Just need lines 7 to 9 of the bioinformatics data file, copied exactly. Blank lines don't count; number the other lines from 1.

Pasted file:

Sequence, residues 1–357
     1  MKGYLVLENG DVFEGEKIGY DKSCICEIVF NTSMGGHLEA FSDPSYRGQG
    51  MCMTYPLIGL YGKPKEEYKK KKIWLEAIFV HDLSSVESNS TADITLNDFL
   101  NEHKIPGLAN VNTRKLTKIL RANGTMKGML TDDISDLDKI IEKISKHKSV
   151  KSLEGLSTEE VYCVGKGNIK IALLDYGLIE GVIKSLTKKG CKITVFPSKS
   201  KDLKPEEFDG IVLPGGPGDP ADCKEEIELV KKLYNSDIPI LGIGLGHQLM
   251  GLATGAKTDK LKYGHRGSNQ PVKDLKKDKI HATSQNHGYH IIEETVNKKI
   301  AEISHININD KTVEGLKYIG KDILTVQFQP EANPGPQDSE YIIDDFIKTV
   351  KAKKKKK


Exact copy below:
   251  GLATGAKTDK LKYGHRGSNQ PVKDLKKDKI HATSQNHGYH IIEETVNKKI
   301  AEISHININD KTVEGLKYIG KDILTVQFQP EANPGPQDSE YIIDDFIKTV
   351  KAKKKKK